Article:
UNHCR demands immediate, unconditional release of Somali staff member
Sunday, 22 June 2008
NAIROBI - The UN refugee agency today called for the immediate and unconditional release of a UNHCR staff member who was abducted by unknown armed men on Saturday night from his home outside Mogadishu.
Hassan Mohamed Ali, also known as Keynaan, was taken from his home on the outskirts of the Somali capital at around 8 p.m. by armed men who drove him to an undisclosed location. By Sunday evening UNHCR had heard nothing from him or from his abductors, and the reason for his abduction remained unknown.
"We demand the immediate and unconditional release of Hassan Mohamed Ali," said UN High Commissioner for Refugees António Guterres, who just returned on Saturday from a three-day mission to Kenya that focused on Somalia's dramatic humanitarian situation. "He and other Somali staff are absolutely crucial in the provision of life-saving humanitarian aid for tens of thousands of innocent civilian victims of the ongoing conflict in their country."
Guterres, who spent Wednesday and Thursday with Somali refugees in the huge Dadaab camp near the Kenya-Somalia border, said the abduction represented another blow to humanitarian efforts to alleviate the suffering of an estimated 1 million uprooted people inside Somalia. Following a series of kidnappings and abductions of expatriate aid workers in north-east Somalia, or Puntland, and in south/central Somalia, the United Nations in April withdrew international staff and was gradually redeploying to other areas deemed safer.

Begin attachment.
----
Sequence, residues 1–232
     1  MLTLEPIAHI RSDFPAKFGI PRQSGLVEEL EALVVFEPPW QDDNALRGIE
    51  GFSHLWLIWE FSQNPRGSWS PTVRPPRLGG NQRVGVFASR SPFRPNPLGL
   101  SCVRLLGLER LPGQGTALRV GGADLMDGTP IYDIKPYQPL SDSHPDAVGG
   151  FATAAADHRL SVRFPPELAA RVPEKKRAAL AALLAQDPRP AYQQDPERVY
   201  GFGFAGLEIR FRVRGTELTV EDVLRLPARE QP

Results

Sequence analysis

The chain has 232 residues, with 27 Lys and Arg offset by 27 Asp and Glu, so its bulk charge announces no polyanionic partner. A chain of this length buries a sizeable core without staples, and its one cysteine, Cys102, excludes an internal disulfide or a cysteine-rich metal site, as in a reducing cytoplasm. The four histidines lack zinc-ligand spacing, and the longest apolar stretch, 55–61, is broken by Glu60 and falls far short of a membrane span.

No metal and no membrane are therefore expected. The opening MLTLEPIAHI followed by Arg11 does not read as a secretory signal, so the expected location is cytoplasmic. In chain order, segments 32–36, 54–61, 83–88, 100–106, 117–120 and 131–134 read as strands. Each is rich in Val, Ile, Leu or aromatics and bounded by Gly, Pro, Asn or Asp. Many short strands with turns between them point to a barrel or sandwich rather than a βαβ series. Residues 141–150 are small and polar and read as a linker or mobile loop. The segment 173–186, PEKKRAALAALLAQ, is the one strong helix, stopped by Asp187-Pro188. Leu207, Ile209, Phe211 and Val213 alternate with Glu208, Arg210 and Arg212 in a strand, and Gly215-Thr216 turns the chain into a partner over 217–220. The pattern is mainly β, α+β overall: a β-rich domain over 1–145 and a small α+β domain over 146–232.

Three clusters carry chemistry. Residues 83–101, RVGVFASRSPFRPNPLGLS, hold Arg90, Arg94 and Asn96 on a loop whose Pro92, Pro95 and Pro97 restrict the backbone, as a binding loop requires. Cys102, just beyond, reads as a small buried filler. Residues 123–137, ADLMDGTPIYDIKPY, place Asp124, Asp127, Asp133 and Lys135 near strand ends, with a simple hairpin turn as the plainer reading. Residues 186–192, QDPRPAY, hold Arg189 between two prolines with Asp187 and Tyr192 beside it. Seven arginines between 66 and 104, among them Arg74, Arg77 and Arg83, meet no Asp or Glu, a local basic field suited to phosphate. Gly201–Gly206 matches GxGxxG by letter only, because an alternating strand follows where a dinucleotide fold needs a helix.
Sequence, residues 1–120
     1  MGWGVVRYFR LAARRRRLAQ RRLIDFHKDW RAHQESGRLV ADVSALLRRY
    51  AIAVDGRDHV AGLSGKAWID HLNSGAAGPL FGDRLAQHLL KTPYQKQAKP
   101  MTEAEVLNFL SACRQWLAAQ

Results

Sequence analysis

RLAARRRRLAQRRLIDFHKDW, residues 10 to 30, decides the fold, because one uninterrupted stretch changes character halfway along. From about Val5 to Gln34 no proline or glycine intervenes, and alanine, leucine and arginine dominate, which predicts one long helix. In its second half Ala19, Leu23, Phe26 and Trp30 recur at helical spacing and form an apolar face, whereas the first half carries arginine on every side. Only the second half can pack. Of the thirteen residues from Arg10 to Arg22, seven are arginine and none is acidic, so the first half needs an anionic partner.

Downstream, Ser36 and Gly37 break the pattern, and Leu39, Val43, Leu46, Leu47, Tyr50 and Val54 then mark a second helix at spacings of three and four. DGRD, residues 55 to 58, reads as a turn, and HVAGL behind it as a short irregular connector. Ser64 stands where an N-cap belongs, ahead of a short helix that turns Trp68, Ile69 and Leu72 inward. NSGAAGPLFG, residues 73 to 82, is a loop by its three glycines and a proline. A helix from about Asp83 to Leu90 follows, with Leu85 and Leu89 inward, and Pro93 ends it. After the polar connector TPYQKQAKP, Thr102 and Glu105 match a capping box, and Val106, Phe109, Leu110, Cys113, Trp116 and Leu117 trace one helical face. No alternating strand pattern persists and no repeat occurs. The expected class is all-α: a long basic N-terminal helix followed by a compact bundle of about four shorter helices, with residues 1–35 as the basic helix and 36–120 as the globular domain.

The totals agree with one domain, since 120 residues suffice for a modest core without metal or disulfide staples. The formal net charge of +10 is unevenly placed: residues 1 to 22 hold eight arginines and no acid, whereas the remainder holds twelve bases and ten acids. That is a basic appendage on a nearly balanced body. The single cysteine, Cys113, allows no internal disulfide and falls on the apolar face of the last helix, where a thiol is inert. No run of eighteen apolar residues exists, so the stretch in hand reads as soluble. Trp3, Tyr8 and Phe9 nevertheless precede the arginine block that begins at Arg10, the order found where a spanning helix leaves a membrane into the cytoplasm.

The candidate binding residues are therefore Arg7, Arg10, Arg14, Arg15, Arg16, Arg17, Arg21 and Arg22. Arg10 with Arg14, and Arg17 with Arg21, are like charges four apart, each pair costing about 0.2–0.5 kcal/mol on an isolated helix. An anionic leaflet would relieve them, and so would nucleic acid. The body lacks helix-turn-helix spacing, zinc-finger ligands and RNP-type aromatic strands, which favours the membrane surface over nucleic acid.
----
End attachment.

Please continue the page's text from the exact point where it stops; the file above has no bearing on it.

"UNHCR is an impartial and apolitical organization whose sole focus in this extremely difficult situation is to ease the suffering of innocent civilians," said Guterres. "We ourselves are civilians. We are unarmed. We are humanitarians who are committed to serving those in need. It is unconscionable that those trying to help the victims are themselves targeted."
Ali, who is the longest-serving UNHCR staff member in Somalia, is well-known in Mogadishu as a humanitarian and human rights advocate. He and his family had also been displaced last year by the unrelenting conflict in the city and were living in Ceelasha village, west of Mogadishu on the road to Afgooye.
Ali has been finalizing plans for the latest distribution this week of basic aid supplies to some 40,000 newly-displaced people living in scores of crowded, makeshift sites along the 30-km stretch of road from Mogadishu to Afgooye. In all, more than 300,000 internally displaced Somalis are trying to survive along the Afgooye corridor in what High Commissioner Guterres described last week as possibly the worst place in the world to live.
Guillermo Bettocchi, UNHCR's representative for Somalia based in Nairobi, said Ali's abduction would now "force delays in the delivery of aid to people who are already desperate."
More than 1 million people are now internally displaced in Somalia while 450,000 more Somalis are living as refugees mainly in neighbouring countries such as Kenya, Ethiopia, Djibouti and even in Yemen, across the Gulf of Aden. In the last three months alone, violence in the devastated Somali capital has forced more than 50,000 more Somalis to flee their homes.